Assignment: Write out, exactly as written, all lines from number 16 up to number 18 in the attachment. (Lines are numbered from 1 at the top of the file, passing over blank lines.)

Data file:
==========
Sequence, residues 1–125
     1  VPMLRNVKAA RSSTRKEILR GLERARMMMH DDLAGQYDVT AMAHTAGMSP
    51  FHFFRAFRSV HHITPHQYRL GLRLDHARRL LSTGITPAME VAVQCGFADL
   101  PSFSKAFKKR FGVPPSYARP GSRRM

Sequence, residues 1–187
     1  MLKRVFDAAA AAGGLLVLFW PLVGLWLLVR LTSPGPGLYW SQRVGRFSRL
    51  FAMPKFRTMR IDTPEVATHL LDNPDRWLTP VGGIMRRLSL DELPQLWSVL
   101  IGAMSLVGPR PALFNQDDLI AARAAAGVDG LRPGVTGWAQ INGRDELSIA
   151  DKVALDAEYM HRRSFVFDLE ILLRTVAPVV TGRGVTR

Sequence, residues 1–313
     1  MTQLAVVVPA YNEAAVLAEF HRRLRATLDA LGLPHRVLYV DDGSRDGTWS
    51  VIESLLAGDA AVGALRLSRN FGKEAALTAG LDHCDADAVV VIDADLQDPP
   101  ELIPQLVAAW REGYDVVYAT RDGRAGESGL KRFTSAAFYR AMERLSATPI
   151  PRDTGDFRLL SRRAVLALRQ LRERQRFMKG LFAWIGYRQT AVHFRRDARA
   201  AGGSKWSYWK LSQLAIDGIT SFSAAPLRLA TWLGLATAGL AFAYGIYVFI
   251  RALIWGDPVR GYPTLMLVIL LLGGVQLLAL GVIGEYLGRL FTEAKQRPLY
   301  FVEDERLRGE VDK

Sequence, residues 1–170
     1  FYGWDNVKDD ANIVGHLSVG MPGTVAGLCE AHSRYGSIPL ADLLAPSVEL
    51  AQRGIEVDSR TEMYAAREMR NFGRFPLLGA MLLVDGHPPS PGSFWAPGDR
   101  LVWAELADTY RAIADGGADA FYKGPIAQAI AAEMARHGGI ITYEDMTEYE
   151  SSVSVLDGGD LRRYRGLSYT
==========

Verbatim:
   251  RALIWGDPVR GYPTLMLVIL LLGGVQLLAL GVIGEYLGRL FTEAKQRPLY
   301  FVEDERLRGE VDK

Sequence, residues 1–170